Disabilities Behind Bars

More than 750,000 people with diagnosed disabilities are currently imprisoned in the United States. Of those, 500,000 have cognitive impairments, 250,000 suffer from mobility problems, and 140,000 are visually challenged. Of those, many are people who did not have the resources or abilities to address their disabilities. While people with diagnosed with disabilities account for 20% of the overall population, more than 30% of people in prison in the United States have a disability.

In many cases, people with mental and physical disabilities are at a disadvantage socially, academically, and professionally. They may not receive the assistance they need to succeed in the early stages of their lives and, in some cases, may drop out of school and become involved in criminal activities from a relatively young age.

In other situations, some individuals with significant developmental disabilities may have a limited understanding of how their actions impact others or may be unable to control their actions as a result of their disability. In the past, those individuals would have previously been assigned to public mental institutions; however, those types of institutions were largely eliminated in the 1970s as a result of patient abuse, neglect, and poor conditions. Individuals with mental and developmental disabilities were shifted to community based care, where organizations like Abilities Services, Inc. provided support and services to individuals in their local communities. While this was a benefit and improvement for a vast majority of individuals, it resulted in a significant gap: for those individuals prone to violent outbursts who are a danger to themselves and others, there is no option between community care and prison.

Unfortunately, state and federal prisons are not prepared to provide accommodations for individuals with disabilities. There is very limited opportunity for disability training and awareness amongst law enforcement and prison staff.

Even upon being released from prison, those former prisoners with disabilities are highly likely to wind up back in prison due to the same lack of resources that may have led them there to begin with. Those that are released from prison struggle to find employment and access to healthcare, which may be necessary to provide medication and medical coverage for various impairments. With limited access to funds or employment, many will turn back to crime to provide for their needs, and they will once again be in a situation where they are unable to receive proper treatment and care.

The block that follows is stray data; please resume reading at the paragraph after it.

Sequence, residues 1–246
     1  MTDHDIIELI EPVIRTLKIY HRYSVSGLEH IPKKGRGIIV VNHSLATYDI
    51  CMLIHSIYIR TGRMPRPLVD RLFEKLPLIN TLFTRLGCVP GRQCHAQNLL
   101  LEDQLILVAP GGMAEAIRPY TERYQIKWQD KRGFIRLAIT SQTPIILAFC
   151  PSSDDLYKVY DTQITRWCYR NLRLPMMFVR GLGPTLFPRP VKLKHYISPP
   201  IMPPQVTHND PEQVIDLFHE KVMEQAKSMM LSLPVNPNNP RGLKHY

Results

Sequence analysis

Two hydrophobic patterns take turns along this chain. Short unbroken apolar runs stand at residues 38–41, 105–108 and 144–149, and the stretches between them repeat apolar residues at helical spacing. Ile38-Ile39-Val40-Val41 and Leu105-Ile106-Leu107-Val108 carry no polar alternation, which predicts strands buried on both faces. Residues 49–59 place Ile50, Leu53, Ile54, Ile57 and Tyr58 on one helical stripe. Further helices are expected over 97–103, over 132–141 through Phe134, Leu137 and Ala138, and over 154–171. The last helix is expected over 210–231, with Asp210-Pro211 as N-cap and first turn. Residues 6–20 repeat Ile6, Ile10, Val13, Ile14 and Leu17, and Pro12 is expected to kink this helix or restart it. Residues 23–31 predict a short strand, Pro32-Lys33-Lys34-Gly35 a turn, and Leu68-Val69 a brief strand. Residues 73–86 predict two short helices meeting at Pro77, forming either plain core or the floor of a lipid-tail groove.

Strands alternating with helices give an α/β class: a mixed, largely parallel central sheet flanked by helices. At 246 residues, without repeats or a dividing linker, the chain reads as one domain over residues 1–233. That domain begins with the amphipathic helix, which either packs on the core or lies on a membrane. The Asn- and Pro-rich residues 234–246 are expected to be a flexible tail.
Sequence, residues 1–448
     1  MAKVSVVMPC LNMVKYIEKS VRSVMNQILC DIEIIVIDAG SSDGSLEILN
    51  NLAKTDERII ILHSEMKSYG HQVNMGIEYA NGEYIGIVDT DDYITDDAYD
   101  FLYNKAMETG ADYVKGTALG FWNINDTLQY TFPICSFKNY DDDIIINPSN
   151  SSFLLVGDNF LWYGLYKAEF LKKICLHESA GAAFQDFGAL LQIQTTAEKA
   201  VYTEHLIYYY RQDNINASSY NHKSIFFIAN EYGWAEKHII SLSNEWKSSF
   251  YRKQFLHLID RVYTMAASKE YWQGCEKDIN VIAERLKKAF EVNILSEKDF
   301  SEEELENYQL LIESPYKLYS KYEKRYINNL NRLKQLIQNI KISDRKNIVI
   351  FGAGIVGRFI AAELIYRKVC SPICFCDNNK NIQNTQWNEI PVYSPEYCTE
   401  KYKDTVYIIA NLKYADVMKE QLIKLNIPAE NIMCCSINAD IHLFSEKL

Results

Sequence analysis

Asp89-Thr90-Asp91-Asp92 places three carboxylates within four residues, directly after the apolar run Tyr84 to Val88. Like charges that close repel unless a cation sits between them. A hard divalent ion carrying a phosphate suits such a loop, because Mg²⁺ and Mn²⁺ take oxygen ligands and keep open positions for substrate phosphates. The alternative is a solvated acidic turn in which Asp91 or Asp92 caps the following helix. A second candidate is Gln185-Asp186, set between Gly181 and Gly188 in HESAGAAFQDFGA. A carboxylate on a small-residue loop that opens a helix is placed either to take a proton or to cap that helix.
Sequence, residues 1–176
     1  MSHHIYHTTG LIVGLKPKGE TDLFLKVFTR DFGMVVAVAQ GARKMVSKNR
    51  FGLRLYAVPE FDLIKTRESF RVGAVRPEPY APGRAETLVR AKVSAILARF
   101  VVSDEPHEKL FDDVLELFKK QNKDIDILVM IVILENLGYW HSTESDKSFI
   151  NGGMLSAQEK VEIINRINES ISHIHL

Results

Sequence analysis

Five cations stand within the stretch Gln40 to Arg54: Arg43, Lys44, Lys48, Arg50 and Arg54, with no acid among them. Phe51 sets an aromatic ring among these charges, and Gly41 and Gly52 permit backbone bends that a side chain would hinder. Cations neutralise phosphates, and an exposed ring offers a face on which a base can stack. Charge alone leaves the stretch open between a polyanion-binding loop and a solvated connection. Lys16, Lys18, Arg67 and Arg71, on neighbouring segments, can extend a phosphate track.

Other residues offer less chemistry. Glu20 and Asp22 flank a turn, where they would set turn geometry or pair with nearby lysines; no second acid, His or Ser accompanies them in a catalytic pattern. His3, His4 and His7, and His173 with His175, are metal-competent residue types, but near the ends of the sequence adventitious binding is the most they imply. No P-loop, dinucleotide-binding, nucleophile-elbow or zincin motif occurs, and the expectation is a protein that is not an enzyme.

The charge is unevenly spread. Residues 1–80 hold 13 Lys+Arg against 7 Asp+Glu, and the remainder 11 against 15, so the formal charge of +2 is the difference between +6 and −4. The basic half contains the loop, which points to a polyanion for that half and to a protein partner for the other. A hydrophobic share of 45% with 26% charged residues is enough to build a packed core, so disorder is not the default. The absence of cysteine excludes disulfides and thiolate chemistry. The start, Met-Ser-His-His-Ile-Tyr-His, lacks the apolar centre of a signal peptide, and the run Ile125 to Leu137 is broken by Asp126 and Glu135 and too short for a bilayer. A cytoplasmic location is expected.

While the situation is a bleak one, positive changes are on the way. Alternative sentencing options, such as mental health treatment programs and work programs, are on the rise. Congress has also begun to implement prison reform to limit sentences for nonviolent offenders, which will have a significantly positive impact on those nonviolent offenders with developmental and mental disabilities.

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What is a Disability?

The definition of a developmental disability includes, but is not limited to: an intellectual disability, autism, cerebral palsy, a severe head injury that occurred before the age of 22, or a severe seizure disorder.

 

Under federal law, "developmental disability" means a severe, chronic disability of an individual that:

 

  • attributable to a mental or physical impairment or combination of mental and physical impairments
  • manifests before the individual attains age 22
  • is likely to continue indefinitely
  • results in substantial functional limitations in three or more of the following areas of major life activity:
    • self care
    • receptive and expressive language
    • learning
    • reflects the individual's need for a combination and sequence of special, interdisciplinary, or generic services, individualized supports, or other forms of assistance that are of lifelong or extended duration and are individually planned and coordinated.
    • economic self-sufficiency; and
    • capacity for independent living
    • self-direction
    • mobility

 

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